By TIM FAULKNER/ecoRI News staff
PROVIDENCE — Since it opened in 2009 atop a former Superfund site on Allens Avenue, Rhode Island Recycled Metals (RIRM) has been polluting upper Narragansett Bay and has been shirking efforts to make it stop.
The latest action is a complaint filed against the scrap metal yard by the Rhode Island attorney general and the state Department of Environmental Management (DEM). Both agencies say RIRM is discharging polluted stormwater into Providence Harbor. They also accuse the facility of contaminating the waterfront with oil from at least one of the many derelict boats RIRM keeps tethered to the shoreline or lie sunk offshore.
The complaint, recently filed in Providence Superior Court, seeks to have RIRM comply with a 2013 agreement to build a stormwater runoff control system and remove the vessels from the water. DEM and the attorney general also want RIRM to cease its car-crushing operations and install an oil containment boom in the water. As part of the 2013 agreement, RIRM has already paid $25,000 to DEM. The company is now accruing $750 per day in fines for noncompliance and owes at least $12,750.
Old vessels, including a retired Soviet-era submarine and a submerged ferry, continue to decay in the water as they await demolition, according to state officials. One of those vessels, an old tug boat, has been leaking oil into the water and is now the impetus for the state to take RIRM to court. The oil leak was discovered by DEM and the Coast Guard on Jan. 12 and matched to the oil in the tug, according to officials.
For four years, Save The Bay has been documenting the problems while urging DEM to address the issue.
“We’re happy they are taking legal action,” said Tom Kutcher, Narragansett Baykeeper for Save The Bay.
Kutcher, however, is concerned that the legal action will serve as another of the many warnings and reprimands that have failed to stop the pollution and allowed RIRM to keep its business open.
“It may not be enough to remove the economic benefit from noncompliance,” he said.
One of the defendants in the case, Edward Sciaba Sr., manager of RIRM, didn’t reply to repeated inquiries from ecoRI News.
In a 2012 e-mail to ecoRI News, Sciaba responded to the ongoing accusations and enforcement efforts.
“RIRM takes water pollution and any other types of contamination very seriously at our facility or anywhere we work,” he wrote. “We have an environmental engineering company retained along with a full-time environmental officer on our staff. We have spent over $200,000.00 dollars on our temporary storm water pollution prevention plan.”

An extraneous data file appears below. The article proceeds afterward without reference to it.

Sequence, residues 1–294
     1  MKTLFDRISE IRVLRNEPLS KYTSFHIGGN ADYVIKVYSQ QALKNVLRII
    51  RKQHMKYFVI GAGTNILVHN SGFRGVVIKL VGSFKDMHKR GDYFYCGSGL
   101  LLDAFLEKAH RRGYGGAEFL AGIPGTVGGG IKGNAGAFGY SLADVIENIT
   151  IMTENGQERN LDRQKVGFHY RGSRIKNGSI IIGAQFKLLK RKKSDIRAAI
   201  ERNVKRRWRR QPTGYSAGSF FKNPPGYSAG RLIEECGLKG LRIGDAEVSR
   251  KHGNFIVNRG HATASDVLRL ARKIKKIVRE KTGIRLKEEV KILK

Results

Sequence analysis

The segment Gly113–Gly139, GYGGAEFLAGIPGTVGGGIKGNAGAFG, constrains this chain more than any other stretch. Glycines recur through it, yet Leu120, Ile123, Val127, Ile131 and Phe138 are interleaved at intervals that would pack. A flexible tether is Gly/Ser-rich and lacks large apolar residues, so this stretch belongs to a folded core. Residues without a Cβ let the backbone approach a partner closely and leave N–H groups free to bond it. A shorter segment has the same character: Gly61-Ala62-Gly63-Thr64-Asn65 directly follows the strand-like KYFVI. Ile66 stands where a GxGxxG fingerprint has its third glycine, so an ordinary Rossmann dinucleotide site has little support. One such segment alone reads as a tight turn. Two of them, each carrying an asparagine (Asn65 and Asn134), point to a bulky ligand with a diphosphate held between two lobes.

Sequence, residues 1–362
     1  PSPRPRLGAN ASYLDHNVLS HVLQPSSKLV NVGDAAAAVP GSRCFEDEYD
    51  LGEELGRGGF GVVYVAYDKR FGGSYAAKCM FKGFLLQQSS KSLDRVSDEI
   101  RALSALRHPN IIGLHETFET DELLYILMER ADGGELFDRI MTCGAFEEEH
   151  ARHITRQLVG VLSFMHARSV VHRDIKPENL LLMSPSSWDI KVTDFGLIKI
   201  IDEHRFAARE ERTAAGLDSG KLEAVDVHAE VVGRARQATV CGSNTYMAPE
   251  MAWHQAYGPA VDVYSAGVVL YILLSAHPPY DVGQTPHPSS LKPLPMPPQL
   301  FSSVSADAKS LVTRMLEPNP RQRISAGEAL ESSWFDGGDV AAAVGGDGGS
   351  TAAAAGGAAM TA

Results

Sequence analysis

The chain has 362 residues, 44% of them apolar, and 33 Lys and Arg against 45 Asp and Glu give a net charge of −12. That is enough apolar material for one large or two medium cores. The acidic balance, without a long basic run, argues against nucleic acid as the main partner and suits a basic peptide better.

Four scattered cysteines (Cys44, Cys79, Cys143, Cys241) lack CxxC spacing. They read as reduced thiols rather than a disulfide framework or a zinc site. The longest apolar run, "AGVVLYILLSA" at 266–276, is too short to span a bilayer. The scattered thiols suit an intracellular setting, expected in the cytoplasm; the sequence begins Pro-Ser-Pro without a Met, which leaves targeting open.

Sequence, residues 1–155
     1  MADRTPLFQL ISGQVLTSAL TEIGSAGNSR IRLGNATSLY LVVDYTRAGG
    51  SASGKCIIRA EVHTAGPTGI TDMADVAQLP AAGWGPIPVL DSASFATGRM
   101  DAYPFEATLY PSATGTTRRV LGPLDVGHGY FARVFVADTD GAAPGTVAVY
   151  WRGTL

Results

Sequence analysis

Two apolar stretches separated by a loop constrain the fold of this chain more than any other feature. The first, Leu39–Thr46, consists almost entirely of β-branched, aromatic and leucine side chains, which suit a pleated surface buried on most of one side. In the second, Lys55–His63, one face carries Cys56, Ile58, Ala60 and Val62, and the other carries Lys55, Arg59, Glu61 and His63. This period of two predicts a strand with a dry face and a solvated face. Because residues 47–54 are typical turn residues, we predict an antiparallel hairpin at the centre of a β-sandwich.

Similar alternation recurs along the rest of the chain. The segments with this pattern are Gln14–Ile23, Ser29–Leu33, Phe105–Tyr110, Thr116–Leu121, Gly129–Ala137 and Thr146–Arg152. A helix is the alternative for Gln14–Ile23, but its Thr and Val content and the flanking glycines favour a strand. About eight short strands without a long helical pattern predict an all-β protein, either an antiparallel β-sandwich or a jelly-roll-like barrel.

In the e-mail, Sciaba directed criticism at Save The Bay’s executive director Jonathan Stone. “Stone’s knowledge of the facility in every aspect is minimal at best. He is more interested in us receiving penalties then helping us address his issues.”
RIRM’s location carries an added environmental risk because it sits on a former Superfund site. Between 1979 and 1989, the 7-acre lot was used to shred computers and electronics. During that time, PCBs and other pollutants leached into the soil from the piles of shredded electronics.
There was no protective cover to shield the piles from precipitation, nor was there a barrier between the soil and piles of scrap electronics. In 1986, the Environmental Protection Agency (EPA) discovered the PCBs, as well as cadmium, lead and mercury, in the soil and later designated the property a federal Superfund site.
In 1999, 60 percent of the property was excavated and 220 tons of contaminated soil were removed and buried in a landfill. The site was capped with 13 inches of sand and gravel and soil-monitoring wells were installed. In 2000, DEM mandated that the soil can’t be disturbed without written approval.
The property was bought in 2006 by ARC Realty LLC. After a failed attempt to convert the site into a ship-loading facility, RIRM opened a car-crushing yard in 2009. That year, RIRM received authorization from the Coastal Resources Management Council (CRMC) to dismantle the former Soviet navy submarine Juliet. Built in 1965, the nuclear submarine made its way to Providence in 2002, where it served as a floating museum on the Providence River.
The submarine sunk after a storm in 2007 and was towed down the waterfront to RIRM in 2009. Although CRMC insisted that the submarine be fully dismantled by 2012, it currently sits partially deconstructed while leaking oil and littering debris that looks like foam insulation. The company also has brought in five other vessels for scrap without authorization, according to state officials.
In recent years, DEM has expressed concern that RIRM has disturbed the soil cap and unearthed potentially contaminated soil with heavy equipment and industrial vehicles. Numerous inspections by DEM reveal that portions of the site are covered in pools of suspect liquids, while large ruts of mud threaten to send contaminated water into the river.
Here is a list of other complaints and violations against RIRM:
Operating vehicle-crushing operations without authorization or disclosing the operation.
Stormwater and runoff flowing from the site into the Providence River.
Oil leaking from engines removed from crushed vehicles and other oil spills on the property.
Open containers of hazardous waste.
Unidentified containers of hazardous waste.
Failure to conduct monthly soil testing.
RIRM has between 30 days and six months to comply with various orders in the complaint.